Even if you haven't held a paintbrush in years, the Normandy region of France can inspire you to start staring at apples and looking at cathedrals in a whole new light
“That’s fantastic!” says my neighbour in this little studio in Normandy. I am trying to paint an apple and I must say I'm quite chuffed with the way it's turning out. It won’t be of Cézanne standard, of course, but since I have not touched a paintbrush for years, artists Philippe and Isabelle Levasseur must be doing something right.
Here I am in a seaside resort called Trouville and a studio named “Bleu Vert Mer”. Imagine: you go to Normandy for a short break and end up playing with some oils on a blank canvas in a studio called “Blue Green Sea” (or ‘blue Vermeer’ as the pun intended), in a town called “hole-city”.
Seaside with soul
Thankfully, Trouville is not a hole; it’s not even a city. It’s a perfectly formed seaside resort complete with a daily fish market, timber-framed houses and a mile-long sandy beach flanked by imposing mansions. You may have heard of its neighbour Deauville, with its American film festival, hippodrome and posh shops. Well, Trouville is just on the other of the river Touques and (dare I say?) it rocks my boat far more than its glitzy neighbour. Both resorts have a well-kept beach stretching as far as the eye can see, a wooden plank promenade, festivals and activities, but Trouville somehow has a soul to go with it. I put it down to the fact that it dates back to the Middle Ages, still relies on its fishermen and has not been created last century to provide for Parisian tourists.
It is no wonder that you feel inspired when you come to Normandy. Impressionism was born here. Monet - whose painting 'Impression sunrise', executed in Le Havre, gave its name to the movement - visited Trouville well before he bought a house in Giverny and painted his famous lilies. Many French writers have spent time here in search of words for their blank pages: Proust, Dumas, Flaubert and Marguerite Duras.
But it's not just the pretty resorts by the sea that are interesting; the cities should not be ignored. When I visited Le Havre, I stood where Monet would have scrutinised the horizon to paint his view of the harbour - obviously it’s changed a bit since the 1870s although it already was a busy port then - and went to the Musée Malraux to check one of his lilies. But the works that stood out for me were the dozens of Boudin sketches. They’re not pencil on paper but quick paint strokes that capture the moment: kids on the beach or cows in Norman fields under those huge cloudy skies Impressionists are renowned for.
You see, the weather changes quickly here and the challenge was something that drove Monet almost mad. I suppose if you’re going to try and paint Rouen’s cathedral at different times of day, in different weathers and from different angles, then you’ve got to be a bit... different or mad. Or a genius. You decide!
Both cities have a lot going for them although they're not always an obvious stop on an itinerary. Le Havre town centre was flattened during the war and had to be rebuilt quickly after 1945, so it’s not the prettiest of cities - unless you have a thing for concrete - but its cathedral is certainly unique. If you've driven around Le Havre you will have seen the tall tower sticking out. It looks more like a huge office block from afar than a sacred building. But if it’s sunny, you’ve got to go in and see the light play with the colours of the stained glass windows on the concrete walls, with the backdrop of a beehive-like ceiling. The large town centre is listed by UNESCO as exceptional for the vision, the cohesion and the pioneering use of concrete of its architect Auguste Perret, so it's part of our evolving history.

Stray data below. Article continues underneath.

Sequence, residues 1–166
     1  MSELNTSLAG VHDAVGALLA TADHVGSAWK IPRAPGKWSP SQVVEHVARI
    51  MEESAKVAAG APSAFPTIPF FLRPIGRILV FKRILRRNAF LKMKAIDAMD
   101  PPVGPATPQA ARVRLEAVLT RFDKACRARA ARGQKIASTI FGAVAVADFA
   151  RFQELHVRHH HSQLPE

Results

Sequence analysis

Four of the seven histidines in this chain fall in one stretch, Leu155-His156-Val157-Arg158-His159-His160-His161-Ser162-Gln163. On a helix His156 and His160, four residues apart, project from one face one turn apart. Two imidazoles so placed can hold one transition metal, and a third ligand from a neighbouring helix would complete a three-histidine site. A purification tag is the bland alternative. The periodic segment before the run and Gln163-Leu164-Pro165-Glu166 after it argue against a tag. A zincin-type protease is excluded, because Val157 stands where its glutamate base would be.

Rouen was luckier during the war and its cathedral is a far more traditional gothic affair in the middle of an old town centre. All the same, the industrial areas are not attractive but - as in Bristol - these Norman cities are using their architectural heritage to revitalise the docks with cafés, restaurants and events. The Armada 2008 in Rouen was a prime exemple: some 10 millions visitors came from all over the world to see the tall ships on the Seine river with the docks in the background. It truly was a fantastic event. Both Rouen and Le Havre make me think of a phoenix. The industrial revolution has been and gone; they're now looking ahead and figuring out how to move forward in a positive fashion. I like the attitude.
Back in Trouville, I eat my croissant gazing at the sea on this sunny spring morning. The soft gold sand is stretching either side of my window, England is just beyond the horizon and under the mottled sky, the deep blue sea of the Channel is a perfect view to wake up to. I’m getting carried away here but you can’t beat a breakfast on your very own little terrace looking at the sea and a few balls of suspended white cotton in the sky. Like those Boudin sketches back in Le Havre. To think he was doing those to earn a living from the tourists on the beach. With so much artistic karma floating around, it’s probably no wonder that I ended up with a decent apple. It’ll never end up in a museum but my kids thought it was amazing, so I’m happy. Thanks to Normandy, my children think I can paint...
Where to stay
, Trouville: the only hotel on the beach; some rooms have a sea view. Rooms from €80 (special offers in low season).
Where to eat
Restaurant Le Galatée, Trouville: the only restaurant on the beach; good fresh seafood.
What to do
Atelier Bleu Vert Mer, Trouville: have a go at painting oils on canvas with tuition from artists.
How to get there
LD lines runs ferries from Portsmouth to Le Havre; Brittany Ferries from Portsmouth to Caen.